Much is due to those who first broke the way to knowledge, and left only to their successors the task of smoothing it.
— Samuel Johnson, A Journey To The Western Isles Of Scotland (1775)
In 1982 Siegfried Engelmann and Douglas Carnine published their Theory of Instruction. This was some 300 years after Newton started the scientific revolution by publishing his Principia; and some 70 years after Russell and Whitehead in the Principia Mathematica attempted to show that the entirety of mathematics could be derived from the laws of logic (famously taking 300 pages to prove that 1+1=2).
In short, Engelmann and Carnine were attempting to start an educational scientific revolution. They wanted to replace the traditional liberal arts foundation of educational theory with a rigorously logical scientific foundation. Their Theory of Instruction is quite simply nothing less than an attempt to write a Principia Pedagogica.
Effective instruction is not born of grand ideas or scenarios that appeal to development or love of learning. It is constructed from the logic and tactics of science.
— S. Engelmann and D. Carnine, Could John Stuart Mill Have Saved Our Schools? Kindle edition, location 1944
In the opening section of the T.O.I., Carnine and Engelmann argue that human beings learn primarily, and in fact literally, from the power of example.
[Learners have the] capacity to learn any quality that is exemplified through examples (from the quality of redness to the quality of inconsistency) . . . This mechanism . . . is capable of learning qualities as subtle as the unique tone of a particular violin or qualities that involve the correlation of events (such as the relationship of events on the sun to weather on the earth).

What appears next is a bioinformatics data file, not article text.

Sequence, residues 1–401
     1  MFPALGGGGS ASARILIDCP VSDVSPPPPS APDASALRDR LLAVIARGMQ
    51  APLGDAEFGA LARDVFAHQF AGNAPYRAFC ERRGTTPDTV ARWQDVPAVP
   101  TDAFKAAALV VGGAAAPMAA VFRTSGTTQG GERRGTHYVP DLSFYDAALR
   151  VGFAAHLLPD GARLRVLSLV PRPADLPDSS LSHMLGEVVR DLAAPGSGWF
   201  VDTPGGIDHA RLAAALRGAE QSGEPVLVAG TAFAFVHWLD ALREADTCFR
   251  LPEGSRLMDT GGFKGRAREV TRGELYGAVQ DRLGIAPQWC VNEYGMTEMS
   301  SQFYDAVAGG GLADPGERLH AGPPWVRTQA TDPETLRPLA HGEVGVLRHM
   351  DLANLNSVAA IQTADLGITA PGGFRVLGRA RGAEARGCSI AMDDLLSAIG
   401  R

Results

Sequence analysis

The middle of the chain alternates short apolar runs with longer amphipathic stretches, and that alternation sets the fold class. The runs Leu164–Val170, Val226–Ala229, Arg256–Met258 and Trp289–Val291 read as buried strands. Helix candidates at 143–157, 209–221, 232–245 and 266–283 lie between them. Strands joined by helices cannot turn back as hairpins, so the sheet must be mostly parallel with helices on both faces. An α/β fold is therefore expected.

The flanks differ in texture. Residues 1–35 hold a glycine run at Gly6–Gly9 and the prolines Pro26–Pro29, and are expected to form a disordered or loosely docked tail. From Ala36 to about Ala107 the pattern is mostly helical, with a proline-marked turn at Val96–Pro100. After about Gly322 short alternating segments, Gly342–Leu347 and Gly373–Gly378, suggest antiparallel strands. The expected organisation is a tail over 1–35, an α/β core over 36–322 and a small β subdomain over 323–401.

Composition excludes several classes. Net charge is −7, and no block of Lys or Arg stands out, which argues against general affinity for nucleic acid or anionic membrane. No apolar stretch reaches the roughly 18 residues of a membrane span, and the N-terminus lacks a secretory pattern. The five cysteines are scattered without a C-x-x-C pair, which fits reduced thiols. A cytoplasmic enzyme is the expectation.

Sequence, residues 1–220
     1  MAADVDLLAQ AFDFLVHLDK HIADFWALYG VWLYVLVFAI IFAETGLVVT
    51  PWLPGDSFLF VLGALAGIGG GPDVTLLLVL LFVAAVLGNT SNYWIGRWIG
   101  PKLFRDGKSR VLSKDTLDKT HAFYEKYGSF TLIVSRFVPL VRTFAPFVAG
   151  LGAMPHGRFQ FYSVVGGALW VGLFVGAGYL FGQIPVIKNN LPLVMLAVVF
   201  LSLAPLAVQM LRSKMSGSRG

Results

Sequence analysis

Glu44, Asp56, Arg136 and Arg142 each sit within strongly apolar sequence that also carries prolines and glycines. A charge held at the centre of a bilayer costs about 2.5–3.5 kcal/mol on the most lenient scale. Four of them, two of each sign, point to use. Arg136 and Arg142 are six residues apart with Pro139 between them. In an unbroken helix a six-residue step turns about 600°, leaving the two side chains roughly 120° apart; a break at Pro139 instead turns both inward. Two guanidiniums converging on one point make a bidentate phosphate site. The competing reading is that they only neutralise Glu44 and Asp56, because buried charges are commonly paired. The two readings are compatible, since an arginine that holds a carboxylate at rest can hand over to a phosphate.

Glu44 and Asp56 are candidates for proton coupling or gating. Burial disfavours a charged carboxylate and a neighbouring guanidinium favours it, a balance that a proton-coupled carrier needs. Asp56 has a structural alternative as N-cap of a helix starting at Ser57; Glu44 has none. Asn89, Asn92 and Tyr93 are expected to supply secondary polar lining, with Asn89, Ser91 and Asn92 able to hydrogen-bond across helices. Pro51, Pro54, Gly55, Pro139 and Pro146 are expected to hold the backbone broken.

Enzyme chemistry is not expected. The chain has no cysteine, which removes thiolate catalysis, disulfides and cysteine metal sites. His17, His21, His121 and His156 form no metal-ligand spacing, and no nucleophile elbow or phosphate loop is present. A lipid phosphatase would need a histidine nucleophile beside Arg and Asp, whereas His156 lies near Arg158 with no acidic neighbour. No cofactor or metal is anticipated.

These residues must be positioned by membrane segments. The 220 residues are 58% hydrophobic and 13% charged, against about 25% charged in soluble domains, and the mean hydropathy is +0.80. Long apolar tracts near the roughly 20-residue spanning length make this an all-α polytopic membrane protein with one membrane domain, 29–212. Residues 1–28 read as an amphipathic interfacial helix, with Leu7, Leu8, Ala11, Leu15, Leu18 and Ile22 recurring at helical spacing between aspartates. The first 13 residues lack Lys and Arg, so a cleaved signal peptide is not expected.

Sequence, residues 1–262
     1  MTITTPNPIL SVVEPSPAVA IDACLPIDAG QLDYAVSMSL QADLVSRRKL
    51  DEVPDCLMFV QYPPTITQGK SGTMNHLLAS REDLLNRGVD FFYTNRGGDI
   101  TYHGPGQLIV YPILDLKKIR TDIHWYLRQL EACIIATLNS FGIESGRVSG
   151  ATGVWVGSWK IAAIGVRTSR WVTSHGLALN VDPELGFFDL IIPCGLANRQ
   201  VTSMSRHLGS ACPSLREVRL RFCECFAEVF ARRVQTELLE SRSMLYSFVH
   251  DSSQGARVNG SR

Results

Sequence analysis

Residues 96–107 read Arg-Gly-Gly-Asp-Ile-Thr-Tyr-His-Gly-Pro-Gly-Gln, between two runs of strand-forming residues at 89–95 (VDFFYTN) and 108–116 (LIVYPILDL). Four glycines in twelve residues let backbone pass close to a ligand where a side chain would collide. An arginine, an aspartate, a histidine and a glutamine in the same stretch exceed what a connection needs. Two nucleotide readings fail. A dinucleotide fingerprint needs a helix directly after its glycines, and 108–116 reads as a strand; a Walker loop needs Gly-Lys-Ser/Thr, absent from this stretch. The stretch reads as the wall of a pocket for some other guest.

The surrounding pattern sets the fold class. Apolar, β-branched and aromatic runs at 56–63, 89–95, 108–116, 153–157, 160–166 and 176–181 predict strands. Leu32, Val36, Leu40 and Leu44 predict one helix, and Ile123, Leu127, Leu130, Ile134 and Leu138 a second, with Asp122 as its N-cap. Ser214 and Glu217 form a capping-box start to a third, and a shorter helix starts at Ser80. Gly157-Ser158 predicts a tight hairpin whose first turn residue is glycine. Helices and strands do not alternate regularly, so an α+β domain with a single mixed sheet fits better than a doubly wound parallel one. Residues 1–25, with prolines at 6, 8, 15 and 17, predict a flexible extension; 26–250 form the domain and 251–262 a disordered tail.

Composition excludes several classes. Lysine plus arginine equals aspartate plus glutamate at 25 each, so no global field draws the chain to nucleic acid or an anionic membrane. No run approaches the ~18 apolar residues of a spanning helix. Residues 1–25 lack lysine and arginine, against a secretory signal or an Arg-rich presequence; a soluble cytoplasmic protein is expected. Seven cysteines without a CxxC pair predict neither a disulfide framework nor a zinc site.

— S. Engelmann and D. Carnine, Theory of Instruction: Principles and Applications, Kindle edition, locations 365-383
To this end, they propose a simplified (or minimalist, if you will) two step mechanism of how human beings learn:
The first step of the proposed learning mechanism is the presentation of a range of examples. For instance, to explain the concept of “red” an instructor would present examples of red objects; to explain the concept of “conservation of volume”, she would present instances of (say) a fixed volume of liquid being poured into containers of varying shapes.
The second step of the learning mechanism is when the learner mentally constructs a valid generalisation, or mental rule about the qualities or features common to the examples presented. Carnine and Engelmann argue that human beings naturally and immediately attempt to generalise or form such rules when presented with any new information.
They do not attempt to argue that the whole of human behaviour can be reduced to this simple two step mechanism, but merely that by accepting this simple model, one “can account for nearly all observed cognitive behaviour” (T.O.I. Kindle loc 375)
Note that the first step is about what is to be learned, and the second step is about how it is learned.
In Carnine and Engelmann’s view, the first step is the responsibility of the instructor. The planning should focus on a rigorous logical analysis of the concept that is to be taught, and should not include any consideration of the likely behavioural response of the learner (e.g. whether she will find it “fun”).
The only factor that limits the learner . . . is the acuity of the sensory mechanism that receives information about [the concept]. (T.O.I. Kindle loc 380-1)
The second step is within the purview of the learner. However, this is also the point at which the instructor would use behavioural analysis to ascertain
. . . the extent to which the learner does or does not possess the mechanisms necessary to respond to the . . . presentation of the concept. [Then one should design] instruction for the unsuccessful learner that will modify the learner’s capacity to respond to the . . . presentation. This instruction is not based on a logical analysis of the communication, but on a behaviour analysis of the learner. (T.O.I. Kindle loc 348-352)
Teachers will, of course, be aware that this is not how we do things in our current educational system, especially as far as the standard techniques of differentiation are concerned.
Are Carnine and Engelmann correct? I’m not sure, but I find their ideas fascinating. Looking at them through the lens of my experience, I would go so far as to say that, intuitively at least, they appear to have the copper-bottomed “ring of truth” (as Richard Ingrams used to say) about them. At the very least, they are deserving of further study and attention.
Part 1 of this series can be found here.